In order to test for a requirement for Drosophila hus1 in response to genotoxic stress, the survival rates of flies were studied after exposure to HU, MMS and IR during larval development; hus1 mutant flies were sensitive only to HU and MMS. This result suggests that hus1 is required for the activation of an S-phase checkpoint. It is possible that this requirement is due to a role of hus1 in Chk1 (Grapes) activation after genotoxic stresses that affect S phase. In yeast and mice, hus1 has been shown to be required for Chk1 activation after replicative stress (Bao, 2004; Weiss, 2003) In Drosophila, mutations affecting grapes and mei-41 fail to show a decrease in BrdU-staining after irradiation, indicating a defect in an S-phase checkpoint, and it would, therefore, seem likely that Hus1 signals to activate Grapes (Chk1) through Mei-41 during S phase. An increase in aneuploid nuclei in hus1 mutants after MMS treatment is consistent with a requirement for hus1 in the response to DNA damage caused during S phase as it has been suggested in budding yeast that spontaneous chromosome loss is primarily suppressed by functional S-phase checkpoints and not by G2-M checkpoints. Since the hus1 mutant still exhibits cell cycle arrest after irradiation, hus1 does not seem to be required for the G2-M checkpoint that is dependent on Mei-41. Rather, the data suggest that hus1 is only required for certain DNA damage situations, and not for the same spectrum as Mei-41 (Abdu, 2007).

Activation of a meiotic checkpoint, also known as the pachytene checkpoint, in response to the persistence of unrepaired DSBs appears to be a conserved regulatory feature common to yeast, worms, flies and vertebrates. However, a requirement for the 9-1-1 complex in activation of the meiotic checkpoint has only been demonstrated in budding yeast. It was found that mutations in the yeast Hus1 homologue, Mec3, and the Rad1 homologue, Ddc-1, abolish the pachytene checkpoint in budding yeast (Hong, 2000). In Drosophila, mutations in the spindle class of double-strand break (DSB) DNA repair enzymes, such as spn-A (RAD51), spn-B (XRCC3), spn-C (HEL308), spn-D (Rad51C) and okra (Dmrad54), affect dorsal-ventral patterning in Drosophila oogenesis and cause defects in the appearance of the oocyte nucleus. Interestingly, the defects in dorsal-ventral patterning and in the oocyte nucleus are dependent upon activation of a meiotic checkpoint (Ghabrial, 1999; Abdu, 2002; Staeva-Vieira, 2003). hus1 mutants are able to suppress the dorsal-ventral defects but not the defects in the organization of the DNA within the oocyte nucleus. The suppression of the DV patterning defects of spn-B mutants demonstrates that during meiosis Hus1 is required for the meiotic checkpoint in response to persistent DSBs. This finding is interesting in light of the fact that hus1 mutants are not IR sensitive or defective in somatic checkpoints after irradiation. Either there is a fundamental difference between germline and somatic DSBs and DSB response machinery, or the non-DSB lesions created during irradiation that are not present during meiotic recombination serve as triggers for an alternative sensing mechanism that does not require hus1 and is therefore still able to activate a checkpoint mechanism. The inability of hus1 mutants to suppress the karyosome phenotype along with the hus1 mutant phenotype by itself, demonstrates that hus1 is required for the organization of the oocyte DNA, a function that might be independent of the meiotic checkpoint (Abdu, 2007).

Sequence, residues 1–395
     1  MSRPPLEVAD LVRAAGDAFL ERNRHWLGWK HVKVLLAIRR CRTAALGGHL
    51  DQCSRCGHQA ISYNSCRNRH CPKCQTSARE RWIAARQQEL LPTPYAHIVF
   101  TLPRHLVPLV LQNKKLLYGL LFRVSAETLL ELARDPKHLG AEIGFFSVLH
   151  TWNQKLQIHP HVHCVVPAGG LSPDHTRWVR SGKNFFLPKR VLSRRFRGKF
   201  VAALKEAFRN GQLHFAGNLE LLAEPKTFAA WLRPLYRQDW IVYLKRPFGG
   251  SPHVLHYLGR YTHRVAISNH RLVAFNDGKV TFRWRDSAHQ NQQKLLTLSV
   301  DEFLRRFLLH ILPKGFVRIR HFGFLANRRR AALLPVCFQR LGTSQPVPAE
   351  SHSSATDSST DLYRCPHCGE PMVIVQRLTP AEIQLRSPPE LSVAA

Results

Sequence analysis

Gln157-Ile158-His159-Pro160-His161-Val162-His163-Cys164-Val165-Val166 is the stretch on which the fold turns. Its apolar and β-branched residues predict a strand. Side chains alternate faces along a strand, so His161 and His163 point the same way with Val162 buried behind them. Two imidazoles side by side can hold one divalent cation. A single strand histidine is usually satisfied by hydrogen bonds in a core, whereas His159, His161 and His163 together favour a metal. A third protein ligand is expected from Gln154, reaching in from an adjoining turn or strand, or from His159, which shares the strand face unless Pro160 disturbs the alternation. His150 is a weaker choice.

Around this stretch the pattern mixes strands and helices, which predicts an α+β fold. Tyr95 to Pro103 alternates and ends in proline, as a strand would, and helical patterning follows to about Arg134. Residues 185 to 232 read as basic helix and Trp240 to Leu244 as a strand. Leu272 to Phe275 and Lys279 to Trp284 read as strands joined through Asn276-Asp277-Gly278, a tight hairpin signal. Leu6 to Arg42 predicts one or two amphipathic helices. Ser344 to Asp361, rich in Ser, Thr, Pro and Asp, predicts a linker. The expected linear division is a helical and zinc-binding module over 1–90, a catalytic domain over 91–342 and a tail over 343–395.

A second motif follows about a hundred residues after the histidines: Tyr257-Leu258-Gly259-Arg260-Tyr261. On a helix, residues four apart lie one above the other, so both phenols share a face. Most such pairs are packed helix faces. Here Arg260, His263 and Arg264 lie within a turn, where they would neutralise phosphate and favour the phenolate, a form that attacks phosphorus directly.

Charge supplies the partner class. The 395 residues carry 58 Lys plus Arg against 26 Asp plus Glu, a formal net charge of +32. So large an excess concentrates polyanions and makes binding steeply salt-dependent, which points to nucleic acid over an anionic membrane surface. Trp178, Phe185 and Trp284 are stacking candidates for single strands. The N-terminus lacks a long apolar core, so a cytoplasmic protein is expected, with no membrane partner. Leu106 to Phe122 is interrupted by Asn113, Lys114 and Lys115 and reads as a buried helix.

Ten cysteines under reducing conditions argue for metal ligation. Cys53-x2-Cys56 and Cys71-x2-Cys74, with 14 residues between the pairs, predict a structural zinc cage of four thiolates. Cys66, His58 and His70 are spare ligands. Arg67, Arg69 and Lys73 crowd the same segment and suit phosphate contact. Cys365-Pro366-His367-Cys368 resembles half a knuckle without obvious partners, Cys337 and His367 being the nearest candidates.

In this study it has been shown that Drosophila Hus1 is required for both the meiotic and somatic DNA damage responses as well as demonstrating a novel role of Hus1 in the organization of the oocyte nuclear DNA. Whereas some of the functions of Hus1, such as binding to 9-1-1 complex members and an essential role in surviving genotoxic stress during S phase, appear to be conserved across the species studied so far, some Hus1 functions seem to be less conserved. In contrast to the findings in yeast, worms and mouse, fly Hus1 is not required for survival after irradiation. Finally, the karyosome defect of hus1 mutants demonstrates a role for Drosophila Hus1 in organizing the chromosomal DNA of the meiotic nucleus (Abdu, 2007).